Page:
An excerpt from All Bleeding Stops.
Megan continues to take his blood pressure every few minutes. With growing tenderness Denis watches her fidgeting with the IV, biting her lip, eyes flitting from one machine to the next, desperately seeking the reassurance she knows will never come.
She thinks she’s not a good doctor because she hasn’t memorized enough textbooks or performed enough surgeries. She is so painfully aware of what she lacks, but she forgets that what we long for when we are sick – grievously sick, mortally sick – is not a cure. We know it’s too late for that. What we long for is a healing, an assurance that the human connection that seems about to be dissolved forever will somehow bridge the deep chasm we are about to cross. Scalpels can’t effect that. Textbooks can’t teach it. But compassion, the simple, unaffected love of our fellow man, can. The knowledge that someone cares, that we are not alone. Gestures, touches, smiles.
He wishes he could explain all this to Megan. She’s just starting out in medicine. Her heart’s in the right place, but a doctor can follow the heart only so far.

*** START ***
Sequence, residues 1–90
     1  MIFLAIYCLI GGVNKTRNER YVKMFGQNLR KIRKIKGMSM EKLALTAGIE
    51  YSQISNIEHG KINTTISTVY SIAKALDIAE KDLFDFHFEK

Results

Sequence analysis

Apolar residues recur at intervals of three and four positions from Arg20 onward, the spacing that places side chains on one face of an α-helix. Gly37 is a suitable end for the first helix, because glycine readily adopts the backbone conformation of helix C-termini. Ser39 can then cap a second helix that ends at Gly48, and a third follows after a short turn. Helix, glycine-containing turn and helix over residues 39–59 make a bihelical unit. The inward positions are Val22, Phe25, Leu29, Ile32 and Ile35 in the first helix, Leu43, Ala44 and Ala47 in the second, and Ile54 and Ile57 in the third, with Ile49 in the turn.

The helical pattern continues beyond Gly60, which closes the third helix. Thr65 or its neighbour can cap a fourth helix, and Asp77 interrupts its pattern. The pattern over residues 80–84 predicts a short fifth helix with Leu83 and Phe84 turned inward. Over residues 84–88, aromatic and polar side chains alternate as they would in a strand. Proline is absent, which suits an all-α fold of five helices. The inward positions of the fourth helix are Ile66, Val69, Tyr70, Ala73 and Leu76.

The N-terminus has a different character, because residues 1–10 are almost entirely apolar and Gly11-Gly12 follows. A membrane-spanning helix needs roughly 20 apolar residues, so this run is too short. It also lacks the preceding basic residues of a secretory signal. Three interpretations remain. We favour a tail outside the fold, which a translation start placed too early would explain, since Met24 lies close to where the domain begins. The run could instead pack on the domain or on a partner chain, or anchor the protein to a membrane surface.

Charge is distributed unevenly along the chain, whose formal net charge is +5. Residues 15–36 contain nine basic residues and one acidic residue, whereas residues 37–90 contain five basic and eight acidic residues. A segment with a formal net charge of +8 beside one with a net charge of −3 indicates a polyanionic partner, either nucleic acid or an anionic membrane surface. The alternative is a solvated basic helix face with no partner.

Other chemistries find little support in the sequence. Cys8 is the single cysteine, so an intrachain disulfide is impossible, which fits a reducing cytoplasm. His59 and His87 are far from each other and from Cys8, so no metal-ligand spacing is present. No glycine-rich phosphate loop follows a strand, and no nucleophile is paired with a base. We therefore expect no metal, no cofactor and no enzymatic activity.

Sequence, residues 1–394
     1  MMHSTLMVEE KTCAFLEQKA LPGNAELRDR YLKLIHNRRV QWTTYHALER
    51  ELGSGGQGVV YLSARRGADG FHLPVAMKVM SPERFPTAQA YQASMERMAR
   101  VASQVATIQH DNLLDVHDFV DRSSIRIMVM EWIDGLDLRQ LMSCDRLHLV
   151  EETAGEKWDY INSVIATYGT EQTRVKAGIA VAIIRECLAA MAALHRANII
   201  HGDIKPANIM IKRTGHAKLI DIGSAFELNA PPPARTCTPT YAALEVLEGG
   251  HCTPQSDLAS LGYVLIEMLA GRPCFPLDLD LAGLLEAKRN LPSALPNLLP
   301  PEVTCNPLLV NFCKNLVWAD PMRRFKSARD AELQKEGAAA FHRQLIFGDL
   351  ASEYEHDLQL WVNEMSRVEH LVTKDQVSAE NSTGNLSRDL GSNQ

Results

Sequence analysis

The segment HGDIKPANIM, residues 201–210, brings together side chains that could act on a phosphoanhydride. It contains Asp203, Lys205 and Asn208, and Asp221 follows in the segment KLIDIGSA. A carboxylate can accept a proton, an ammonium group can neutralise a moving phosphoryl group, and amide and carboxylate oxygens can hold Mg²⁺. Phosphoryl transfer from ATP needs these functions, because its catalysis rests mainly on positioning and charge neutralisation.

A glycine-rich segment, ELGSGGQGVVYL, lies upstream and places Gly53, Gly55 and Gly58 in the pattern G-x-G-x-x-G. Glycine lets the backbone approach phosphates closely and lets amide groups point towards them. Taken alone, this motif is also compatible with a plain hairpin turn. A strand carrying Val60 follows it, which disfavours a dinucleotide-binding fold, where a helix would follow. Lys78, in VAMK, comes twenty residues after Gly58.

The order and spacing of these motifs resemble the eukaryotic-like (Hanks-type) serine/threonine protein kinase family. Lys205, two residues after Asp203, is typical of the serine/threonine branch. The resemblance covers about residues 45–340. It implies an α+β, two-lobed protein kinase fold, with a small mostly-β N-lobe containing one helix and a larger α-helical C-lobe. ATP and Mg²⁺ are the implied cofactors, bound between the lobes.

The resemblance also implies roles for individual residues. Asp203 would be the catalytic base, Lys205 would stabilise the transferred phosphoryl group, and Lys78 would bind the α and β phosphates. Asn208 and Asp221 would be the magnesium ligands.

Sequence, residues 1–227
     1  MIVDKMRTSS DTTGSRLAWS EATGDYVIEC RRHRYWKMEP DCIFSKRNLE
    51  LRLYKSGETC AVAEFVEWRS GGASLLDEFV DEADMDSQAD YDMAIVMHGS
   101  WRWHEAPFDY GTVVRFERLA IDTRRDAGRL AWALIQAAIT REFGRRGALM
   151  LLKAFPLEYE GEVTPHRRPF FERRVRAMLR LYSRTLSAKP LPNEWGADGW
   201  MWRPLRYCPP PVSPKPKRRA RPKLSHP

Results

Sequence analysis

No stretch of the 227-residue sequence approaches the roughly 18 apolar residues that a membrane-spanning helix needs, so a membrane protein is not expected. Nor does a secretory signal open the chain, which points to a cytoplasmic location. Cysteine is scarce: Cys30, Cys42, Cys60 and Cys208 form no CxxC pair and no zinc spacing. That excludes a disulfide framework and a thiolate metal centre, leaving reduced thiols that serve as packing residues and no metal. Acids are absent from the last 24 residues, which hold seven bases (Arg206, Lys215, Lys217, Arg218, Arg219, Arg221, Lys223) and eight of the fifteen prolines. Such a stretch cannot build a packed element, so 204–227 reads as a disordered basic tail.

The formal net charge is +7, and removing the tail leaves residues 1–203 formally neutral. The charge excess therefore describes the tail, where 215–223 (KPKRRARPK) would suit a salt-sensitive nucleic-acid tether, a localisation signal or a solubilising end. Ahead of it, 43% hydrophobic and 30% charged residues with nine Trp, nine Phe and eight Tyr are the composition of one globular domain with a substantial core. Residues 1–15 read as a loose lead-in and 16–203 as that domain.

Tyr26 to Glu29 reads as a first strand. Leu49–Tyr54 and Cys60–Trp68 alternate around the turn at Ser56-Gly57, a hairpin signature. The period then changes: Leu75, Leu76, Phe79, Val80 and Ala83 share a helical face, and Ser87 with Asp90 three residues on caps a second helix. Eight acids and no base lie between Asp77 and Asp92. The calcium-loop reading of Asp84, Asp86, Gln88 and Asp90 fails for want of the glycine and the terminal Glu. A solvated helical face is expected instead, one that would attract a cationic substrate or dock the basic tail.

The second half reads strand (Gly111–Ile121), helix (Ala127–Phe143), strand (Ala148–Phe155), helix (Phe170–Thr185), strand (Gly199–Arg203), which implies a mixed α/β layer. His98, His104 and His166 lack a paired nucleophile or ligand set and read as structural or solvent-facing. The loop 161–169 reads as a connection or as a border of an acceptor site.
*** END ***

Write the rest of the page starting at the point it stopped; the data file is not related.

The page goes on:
Denis tries to speak, but no words come. He tries again but manages only a rasping gurgle at the base of his throat. He closes his eyes for a moment, then realizes with a start that he must have been moaning. Megan reaches for the morphine, but he shakes his head. He isn’t feeling any more pain. He wonders if this might be it.
Lynch has pulled Megan away. Through half-open eyes, Denis sees them standing at the foot of the cart, Lynch behind, his hands clasped firmly on Megan’s shoulders. Tears are streaming down her face. Lynch is speaking to her, but Denis can no longer hear what he is saying.
Images, at first murky and indistinct but quickly becoming fresh and vibrant, appear before him, burning with the brilliance of youth – so real, so shimmeringly alive that they seem to carry him along, plunging and rising life a leaf spinning along on the surface of a sunlit stream.
The images begin to run together: the past and the present, the delivery rooms and the operating rooms, the jungles and the clinics, gathered up in the warm embrace of memory like an armful of ripened wheat. The fond harvest of a lifetime. Sixty years as a doctor have humbled him, have taught him that everything in medicine is symbolic, metaphoric. In the end there are no cures; there are only bandages – and the bandage that matters most is love.
Michael J. Collins is an orthopedic surgeon and author of All Bleeding Stops. He can be reached on Twitter @mjcollinsmd.